The New York Times has named its first ombudsman, filling a position announced three months ago after an internal probe of the Jayson Blair scandal.
DANIEL OKRENT, a former editor of Life magazine and of Time Inc.’s new media operations, will oversee coverage, review reader complaints and write a periodic column in the newspaper, the Times said in an article in Monday editions.
“We wanted someone with the reporting skills to figure out how decisions get made at the paper, the judgment to reach conclusions about whether and where we go astray, and the writing skills to explain all of this to our readers,” said Bill Keller, the paper’s executive editor.
Okrent will fill the position — officially called “public editor” — for an 18-month term beginning Dec. 1.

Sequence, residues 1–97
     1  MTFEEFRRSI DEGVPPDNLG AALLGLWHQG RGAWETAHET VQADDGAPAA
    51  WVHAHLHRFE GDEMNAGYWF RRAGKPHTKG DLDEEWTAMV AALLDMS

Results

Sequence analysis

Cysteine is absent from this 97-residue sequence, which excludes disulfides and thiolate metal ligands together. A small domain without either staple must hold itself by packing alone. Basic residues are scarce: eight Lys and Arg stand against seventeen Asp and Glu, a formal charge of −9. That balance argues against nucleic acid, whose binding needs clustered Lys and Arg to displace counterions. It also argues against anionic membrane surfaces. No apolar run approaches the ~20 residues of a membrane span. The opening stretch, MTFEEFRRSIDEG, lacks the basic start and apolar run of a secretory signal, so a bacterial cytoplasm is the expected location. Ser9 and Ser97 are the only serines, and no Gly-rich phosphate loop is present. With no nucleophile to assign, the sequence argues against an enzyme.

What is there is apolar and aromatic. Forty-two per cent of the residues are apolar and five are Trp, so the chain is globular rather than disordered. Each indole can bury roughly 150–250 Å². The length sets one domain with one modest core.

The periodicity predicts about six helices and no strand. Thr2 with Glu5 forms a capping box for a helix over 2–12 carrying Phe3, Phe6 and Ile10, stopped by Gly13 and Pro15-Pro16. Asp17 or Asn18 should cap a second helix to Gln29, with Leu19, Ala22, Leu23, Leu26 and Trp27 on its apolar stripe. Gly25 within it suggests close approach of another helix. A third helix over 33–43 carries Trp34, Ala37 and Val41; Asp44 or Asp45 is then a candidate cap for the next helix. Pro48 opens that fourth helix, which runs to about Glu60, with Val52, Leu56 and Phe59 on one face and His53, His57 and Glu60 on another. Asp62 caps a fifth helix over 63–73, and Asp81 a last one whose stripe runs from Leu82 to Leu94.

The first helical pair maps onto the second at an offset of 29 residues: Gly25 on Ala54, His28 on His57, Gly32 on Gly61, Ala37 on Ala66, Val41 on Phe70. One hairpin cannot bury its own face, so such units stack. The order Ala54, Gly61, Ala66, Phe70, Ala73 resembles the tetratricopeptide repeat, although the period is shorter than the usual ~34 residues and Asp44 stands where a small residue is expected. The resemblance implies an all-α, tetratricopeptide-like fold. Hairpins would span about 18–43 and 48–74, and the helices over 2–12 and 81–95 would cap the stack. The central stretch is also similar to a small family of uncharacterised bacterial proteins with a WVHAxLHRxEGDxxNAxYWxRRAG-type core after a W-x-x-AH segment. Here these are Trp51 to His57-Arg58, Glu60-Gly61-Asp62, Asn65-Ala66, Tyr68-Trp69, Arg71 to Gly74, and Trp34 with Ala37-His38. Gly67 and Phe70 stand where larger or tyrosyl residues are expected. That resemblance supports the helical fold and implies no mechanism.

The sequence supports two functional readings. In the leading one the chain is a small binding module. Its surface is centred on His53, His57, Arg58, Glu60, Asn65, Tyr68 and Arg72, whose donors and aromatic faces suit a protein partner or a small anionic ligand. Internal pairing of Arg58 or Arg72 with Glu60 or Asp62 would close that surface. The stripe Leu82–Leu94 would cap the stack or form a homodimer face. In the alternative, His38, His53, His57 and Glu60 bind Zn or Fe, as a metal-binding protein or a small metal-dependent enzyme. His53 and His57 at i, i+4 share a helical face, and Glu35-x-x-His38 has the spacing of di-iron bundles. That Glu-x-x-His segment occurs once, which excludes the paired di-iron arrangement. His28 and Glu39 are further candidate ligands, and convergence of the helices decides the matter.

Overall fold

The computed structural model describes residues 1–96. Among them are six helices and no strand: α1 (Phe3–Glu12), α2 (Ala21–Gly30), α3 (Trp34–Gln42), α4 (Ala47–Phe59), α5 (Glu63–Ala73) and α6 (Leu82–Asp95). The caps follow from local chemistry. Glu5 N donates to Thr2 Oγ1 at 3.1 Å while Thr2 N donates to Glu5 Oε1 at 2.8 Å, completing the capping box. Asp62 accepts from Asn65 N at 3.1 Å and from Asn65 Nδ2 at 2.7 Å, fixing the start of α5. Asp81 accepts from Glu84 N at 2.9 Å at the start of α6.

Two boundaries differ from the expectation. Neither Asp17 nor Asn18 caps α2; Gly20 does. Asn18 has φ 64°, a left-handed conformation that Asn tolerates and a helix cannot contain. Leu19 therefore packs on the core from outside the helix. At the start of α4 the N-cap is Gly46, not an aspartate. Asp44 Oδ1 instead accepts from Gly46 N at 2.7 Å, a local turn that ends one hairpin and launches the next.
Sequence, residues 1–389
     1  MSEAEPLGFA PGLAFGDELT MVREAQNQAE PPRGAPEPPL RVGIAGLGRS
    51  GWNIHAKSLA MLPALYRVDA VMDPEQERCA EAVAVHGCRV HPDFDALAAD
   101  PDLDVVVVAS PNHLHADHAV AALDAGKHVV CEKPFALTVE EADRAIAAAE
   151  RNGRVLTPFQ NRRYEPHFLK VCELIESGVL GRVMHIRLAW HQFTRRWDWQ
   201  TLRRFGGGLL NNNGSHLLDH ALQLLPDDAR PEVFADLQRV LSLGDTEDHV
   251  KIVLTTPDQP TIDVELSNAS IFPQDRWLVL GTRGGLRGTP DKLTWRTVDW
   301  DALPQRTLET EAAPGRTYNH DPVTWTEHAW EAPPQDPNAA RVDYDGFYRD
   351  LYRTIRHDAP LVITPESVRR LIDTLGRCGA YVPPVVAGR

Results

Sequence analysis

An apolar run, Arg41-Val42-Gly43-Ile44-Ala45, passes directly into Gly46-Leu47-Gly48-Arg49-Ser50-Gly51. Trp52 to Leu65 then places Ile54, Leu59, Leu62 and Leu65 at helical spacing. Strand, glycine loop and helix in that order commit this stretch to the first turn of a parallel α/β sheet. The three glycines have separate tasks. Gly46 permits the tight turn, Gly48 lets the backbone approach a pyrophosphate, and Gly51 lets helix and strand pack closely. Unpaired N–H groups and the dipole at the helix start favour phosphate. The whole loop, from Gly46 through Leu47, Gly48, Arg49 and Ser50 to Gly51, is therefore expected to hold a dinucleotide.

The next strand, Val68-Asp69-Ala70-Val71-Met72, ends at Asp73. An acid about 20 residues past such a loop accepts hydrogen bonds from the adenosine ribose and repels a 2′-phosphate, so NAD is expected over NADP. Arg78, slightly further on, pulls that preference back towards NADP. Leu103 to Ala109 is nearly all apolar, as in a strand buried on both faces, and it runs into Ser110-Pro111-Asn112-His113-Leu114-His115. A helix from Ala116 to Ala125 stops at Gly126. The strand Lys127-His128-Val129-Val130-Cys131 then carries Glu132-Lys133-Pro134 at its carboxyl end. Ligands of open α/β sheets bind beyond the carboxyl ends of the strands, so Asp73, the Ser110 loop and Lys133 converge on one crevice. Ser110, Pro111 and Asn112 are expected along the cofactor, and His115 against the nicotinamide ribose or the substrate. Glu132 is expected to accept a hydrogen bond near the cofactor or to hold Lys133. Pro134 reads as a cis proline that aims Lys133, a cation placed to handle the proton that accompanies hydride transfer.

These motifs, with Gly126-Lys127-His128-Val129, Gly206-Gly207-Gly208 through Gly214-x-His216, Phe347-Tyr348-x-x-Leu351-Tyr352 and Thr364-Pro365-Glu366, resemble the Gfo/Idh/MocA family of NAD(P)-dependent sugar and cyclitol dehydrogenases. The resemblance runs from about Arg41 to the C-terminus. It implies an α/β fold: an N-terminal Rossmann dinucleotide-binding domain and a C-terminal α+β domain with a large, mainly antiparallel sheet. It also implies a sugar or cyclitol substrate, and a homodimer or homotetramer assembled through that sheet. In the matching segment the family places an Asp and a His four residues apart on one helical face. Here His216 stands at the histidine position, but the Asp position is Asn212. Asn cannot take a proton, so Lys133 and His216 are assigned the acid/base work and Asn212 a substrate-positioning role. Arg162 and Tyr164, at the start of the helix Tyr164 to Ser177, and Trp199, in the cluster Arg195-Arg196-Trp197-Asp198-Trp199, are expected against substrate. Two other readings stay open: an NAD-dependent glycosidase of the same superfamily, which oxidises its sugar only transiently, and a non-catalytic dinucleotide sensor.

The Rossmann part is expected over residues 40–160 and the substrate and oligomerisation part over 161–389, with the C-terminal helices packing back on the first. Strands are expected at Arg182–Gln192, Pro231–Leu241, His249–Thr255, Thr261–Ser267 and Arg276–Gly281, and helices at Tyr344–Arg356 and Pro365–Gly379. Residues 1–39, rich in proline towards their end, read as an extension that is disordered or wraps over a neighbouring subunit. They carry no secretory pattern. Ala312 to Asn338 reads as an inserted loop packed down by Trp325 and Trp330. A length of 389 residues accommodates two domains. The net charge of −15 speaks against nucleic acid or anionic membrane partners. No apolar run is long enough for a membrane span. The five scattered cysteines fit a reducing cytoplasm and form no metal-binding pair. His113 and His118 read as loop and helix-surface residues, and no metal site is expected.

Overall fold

The paper created the position and two other masthead-level jobs in July, acting on recommendations of a committee formed after the Blair debacle. The Times had published three dozen stories by Blair that were false, plagiarized or inaccurate.
The scandal damaged the paper’s reputation and led to the resignations of the Times’ two top editors, Howell Raines and Gerald Boyd, in June.
Okrent will write columns for the paper’s Week in Review section on Sundays, evaluating the Times’ news coverage and addressing readers’ concerns. Keller and the paper’s other senior editors will not edit Okrent’s columns, the Times said, although his copy will be reviewed for grammar and style.
Okrent, 55, was a founder of New England Monthly in 1984 and was its editor until 1989. He served as assistant managing editor of Life magazine from 1991 to 1992, as its managing editor until 1996, and then worked as the editor of Time Inc.’s new media operations from 1996 to 1999.
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